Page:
Hot Docs 2023 Review: Praying for Armageddon

by Andrew Parker

Praying for Armageddon, a look into the influence Christian nationalism has on American politics and foreign policy, is equally insightful, timely, wallowing, and repetitive. It’s the sort of film that makes its points loudly, clearly, and thoughtfully in a short amount of time before falling into the same trap as the subject it’s trying to criticize. After awhile, all that doomsaying becomes numbing instead of galvanizing.

Norwegian filmmaker Tonje Hessen Schei teams up with investigative reporter Lee Fang to analyze the ways American conservatism has been usurped almost completely by evangelism. As evangelical Christians embrace the idea that biblical armageddon and the return of Christ are coming in the near future, so do the elected officials representing constituents in areas where these beliefs are prevalent. Preachers and right-leaning elected officials alike talk about a time when true believers will need to take up swords, repent, and keep the faith, but what greater impact did this have on geopolitics under the Trump administration?

Turns out, the impact was huge, especially when it comes to the moves Trump made in Israel, including moving the US embassy and establishing a first ever military base in the country. A key part of believing in the coming of armageddon  – if going by the literal interpretation of the Bible – is that it’s predicated upon the further marginalization and eventual eradication of Palestine. It takes a lot of explaining, but Schei does a nice job of laying it all out, and showing how ludicrous and world threatening it all is.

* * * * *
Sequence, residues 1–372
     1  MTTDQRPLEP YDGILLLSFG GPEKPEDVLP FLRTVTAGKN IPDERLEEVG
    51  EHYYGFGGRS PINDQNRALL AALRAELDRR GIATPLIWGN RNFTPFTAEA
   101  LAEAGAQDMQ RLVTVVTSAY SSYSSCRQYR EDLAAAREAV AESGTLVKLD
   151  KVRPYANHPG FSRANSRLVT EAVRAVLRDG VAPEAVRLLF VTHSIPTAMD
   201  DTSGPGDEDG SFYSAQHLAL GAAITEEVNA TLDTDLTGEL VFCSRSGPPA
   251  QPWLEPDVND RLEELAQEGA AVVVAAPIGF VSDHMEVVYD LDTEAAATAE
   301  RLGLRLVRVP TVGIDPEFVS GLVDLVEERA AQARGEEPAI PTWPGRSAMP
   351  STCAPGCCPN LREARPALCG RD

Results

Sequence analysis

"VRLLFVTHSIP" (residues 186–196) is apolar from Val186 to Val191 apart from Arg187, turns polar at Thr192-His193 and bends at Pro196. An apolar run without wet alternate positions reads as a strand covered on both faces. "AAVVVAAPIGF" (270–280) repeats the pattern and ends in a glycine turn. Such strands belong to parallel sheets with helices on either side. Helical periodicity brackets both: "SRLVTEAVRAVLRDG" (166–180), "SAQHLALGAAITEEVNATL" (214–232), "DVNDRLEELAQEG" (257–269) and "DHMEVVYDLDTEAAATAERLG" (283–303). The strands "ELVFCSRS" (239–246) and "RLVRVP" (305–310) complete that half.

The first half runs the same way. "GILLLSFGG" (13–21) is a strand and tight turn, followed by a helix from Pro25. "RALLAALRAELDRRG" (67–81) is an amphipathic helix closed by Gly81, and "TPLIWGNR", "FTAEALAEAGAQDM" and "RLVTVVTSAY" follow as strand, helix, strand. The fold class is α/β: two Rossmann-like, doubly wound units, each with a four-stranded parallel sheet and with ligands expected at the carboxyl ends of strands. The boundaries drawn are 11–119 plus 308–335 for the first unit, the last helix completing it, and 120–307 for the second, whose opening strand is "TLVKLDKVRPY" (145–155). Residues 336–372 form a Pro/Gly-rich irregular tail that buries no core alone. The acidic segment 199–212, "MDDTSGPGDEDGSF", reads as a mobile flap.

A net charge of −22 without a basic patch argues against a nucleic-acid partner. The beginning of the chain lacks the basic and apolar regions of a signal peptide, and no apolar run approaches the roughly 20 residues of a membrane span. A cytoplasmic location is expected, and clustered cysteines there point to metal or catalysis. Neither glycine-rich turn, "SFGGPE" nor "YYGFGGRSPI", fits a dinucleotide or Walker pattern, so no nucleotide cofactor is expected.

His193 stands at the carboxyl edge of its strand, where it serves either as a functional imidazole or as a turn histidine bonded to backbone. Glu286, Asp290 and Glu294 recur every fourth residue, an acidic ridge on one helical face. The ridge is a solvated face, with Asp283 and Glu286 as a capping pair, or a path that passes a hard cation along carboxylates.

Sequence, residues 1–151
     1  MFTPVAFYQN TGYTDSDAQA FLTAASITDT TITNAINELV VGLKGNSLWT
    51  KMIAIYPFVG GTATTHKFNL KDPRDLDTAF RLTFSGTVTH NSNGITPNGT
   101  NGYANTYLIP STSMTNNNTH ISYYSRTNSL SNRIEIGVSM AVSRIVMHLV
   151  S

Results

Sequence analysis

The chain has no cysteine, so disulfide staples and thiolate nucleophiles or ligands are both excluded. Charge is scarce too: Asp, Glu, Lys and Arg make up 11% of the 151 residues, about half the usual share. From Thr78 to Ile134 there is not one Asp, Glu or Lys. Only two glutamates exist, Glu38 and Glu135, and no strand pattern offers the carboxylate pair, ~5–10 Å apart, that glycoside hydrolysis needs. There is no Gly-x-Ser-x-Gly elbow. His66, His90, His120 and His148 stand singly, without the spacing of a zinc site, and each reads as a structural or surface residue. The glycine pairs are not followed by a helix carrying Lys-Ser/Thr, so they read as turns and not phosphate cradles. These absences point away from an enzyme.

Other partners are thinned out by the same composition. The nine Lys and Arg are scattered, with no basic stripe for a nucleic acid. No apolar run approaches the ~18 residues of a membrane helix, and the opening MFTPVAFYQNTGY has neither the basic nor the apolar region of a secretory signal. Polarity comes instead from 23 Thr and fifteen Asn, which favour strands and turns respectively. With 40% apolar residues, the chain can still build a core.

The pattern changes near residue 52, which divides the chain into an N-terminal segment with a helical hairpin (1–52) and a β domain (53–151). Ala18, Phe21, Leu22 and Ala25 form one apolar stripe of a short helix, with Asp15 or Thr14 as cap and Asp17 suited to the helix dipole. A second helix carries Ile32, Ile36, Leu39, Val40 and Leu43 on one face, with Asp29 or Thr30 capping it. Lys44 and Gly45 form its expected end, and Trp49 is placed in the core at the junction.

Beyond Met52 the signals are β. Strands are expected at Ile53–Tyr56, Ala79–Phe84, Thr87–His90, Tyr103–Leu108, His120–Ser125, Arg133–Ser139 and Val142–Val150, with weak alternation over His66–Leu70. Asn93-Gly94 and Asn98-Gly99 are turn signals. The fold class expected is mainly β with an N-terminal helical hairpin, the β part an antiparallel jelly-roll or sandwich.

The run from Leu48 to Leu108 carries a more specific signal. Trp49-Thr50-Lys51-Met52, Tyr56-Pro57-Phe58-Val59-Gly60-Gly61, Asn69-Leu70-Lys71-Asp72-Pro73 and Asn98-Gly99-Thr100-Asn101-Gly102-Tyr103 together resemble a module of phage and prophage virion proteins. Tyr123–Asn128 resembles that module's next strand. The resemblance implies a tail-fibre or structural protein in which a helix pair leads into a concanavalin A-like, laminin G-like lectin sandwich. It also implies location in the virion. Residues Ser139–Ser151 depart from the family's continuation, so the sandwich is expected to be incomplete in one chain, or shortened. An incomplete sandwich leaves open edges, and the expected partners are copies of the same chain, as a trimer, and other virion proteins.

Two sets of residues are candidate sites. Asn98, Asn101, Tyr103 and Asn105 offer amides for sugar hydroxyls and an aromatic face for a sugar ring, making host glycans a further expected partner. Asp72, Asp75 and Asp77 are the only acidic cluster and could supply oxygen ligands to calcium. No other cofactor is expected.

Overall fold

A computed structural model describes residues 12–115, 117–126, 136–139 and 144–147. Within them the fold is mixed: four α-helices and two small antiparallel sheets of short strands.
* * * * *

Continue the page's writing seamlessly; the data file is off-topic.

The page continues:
But Praying for Armageddon – which not only follows Fang’s attempts to talk to leaders of the evangelical movement, but also the inner workings of a biker ministry that’s excitedly and passionately preparing for the end of days – keeps fixating on many of the same points. It’s definitely making the right connections, and there’s a lot of nuance to its arguments, but Praying for Armageddon resorts to hitting the same notes repeatedly before the halfway point arrives. Schei asks the viewer to stay in a vigilant, hyper-aware mindset for a long time, but the film stays at the same level, never getting scarier or more insightful. All the best points are made early on, and everything else just keeps hammering on the same nail.

Praying for Armageddon isn’t a great documentary overall, but the subject matter is a topic that shouldn’t be taken lightly.

Thursday, May 4, 2023 – 1:45 pm – TIFF Bell Lightbox 2

Sunday, May 7, 8:00 pm – TIFF Bell Lightbox 2

Praying for Armageddon will be available to stream across Canada via Hot Docs from May 5th to 9th.

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